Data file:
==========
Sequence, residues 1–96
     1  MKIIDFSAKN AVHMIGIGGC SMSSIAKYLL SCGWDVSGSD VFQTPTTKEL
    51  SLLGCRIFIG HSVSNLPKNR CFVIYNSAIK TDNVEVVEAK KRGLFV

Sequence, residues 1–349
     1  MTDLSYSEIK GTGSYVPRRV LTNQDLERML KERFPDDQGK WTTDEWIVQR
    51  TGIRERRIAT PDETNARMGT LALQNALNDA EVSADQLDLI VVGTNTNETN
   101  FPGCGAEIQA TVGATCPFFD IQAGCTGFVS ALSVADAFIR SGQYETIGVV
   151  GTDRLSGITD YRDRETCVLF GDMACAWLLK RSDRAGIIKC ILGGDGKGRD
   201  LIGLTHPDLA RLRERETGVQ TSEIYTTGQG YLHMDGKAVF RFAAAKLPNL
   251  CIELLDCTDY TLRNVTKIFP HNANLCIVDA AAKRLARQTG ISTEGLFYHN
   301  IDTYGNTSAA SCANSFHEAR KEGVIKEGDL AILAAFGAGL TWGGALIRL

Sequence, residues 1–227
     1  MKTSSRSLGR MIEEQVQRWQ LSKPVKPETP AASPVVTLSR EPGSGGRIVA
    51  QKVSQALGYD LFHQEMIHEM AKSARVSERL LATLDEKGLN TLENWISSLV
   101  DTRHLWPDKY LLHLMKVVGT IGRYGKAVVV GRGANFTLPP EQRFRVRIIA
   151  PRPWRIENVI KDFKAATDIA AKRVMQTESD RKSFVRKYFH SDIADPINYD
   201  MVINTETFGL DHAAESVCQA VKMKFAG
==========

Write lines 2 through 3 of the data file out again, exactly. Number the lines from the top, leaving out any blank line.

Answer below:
     1  MKIIDFSAKN AVHMIGIGGC SMSSIAKYLL SCGWDVSGSD VFQTPTTKEL
    51  SLLGCRIFIG HSVSNLPKNR CFVIYNSAIK TDNVEVVEAK KRGLFV